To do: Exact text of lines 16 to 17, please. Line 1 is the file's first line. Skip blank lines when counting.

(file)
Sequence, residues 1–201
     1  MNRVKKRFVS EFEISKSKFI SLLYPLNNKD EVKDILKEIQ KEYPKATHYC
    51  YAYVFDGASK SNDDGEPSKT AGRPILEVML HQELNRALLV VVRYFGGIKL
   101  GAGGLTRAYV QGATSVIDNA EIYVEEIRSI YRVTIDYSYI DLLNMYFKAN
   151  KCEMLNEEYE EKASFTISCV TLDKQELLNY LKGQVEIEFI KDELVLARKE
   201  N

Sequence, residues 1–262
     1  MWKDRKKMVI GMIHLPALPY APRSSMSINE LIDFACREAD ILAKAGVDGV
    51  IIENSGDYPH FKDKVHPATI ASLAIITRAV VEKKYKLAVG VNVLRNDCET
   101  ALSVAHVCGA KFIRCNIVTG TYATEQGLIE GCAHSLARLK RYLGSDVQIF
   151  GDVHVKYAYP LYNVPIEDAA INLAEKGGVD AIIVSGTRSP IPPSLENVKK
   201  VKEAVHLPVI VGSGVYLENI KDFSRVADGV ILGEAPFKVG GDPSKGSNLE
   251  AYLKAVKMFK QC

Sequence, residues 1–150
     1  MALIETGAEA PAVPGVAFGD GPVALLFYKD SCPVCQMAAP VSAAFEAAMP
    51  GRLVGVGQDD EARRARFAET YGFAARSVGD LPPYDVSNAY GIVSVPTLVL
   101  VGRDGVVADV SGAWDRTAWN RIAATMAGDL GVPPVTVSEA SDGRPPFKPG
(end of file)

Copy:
    51  GRLVGVGQDD EARRARFAET YGFAARSVGD LPPYDVSNAY GIVSVPTLVL
   101  VGRDGVVADV SGAWDRTAWN RIAATMAGDL GVPPVTVSEA SDGRPPFKPG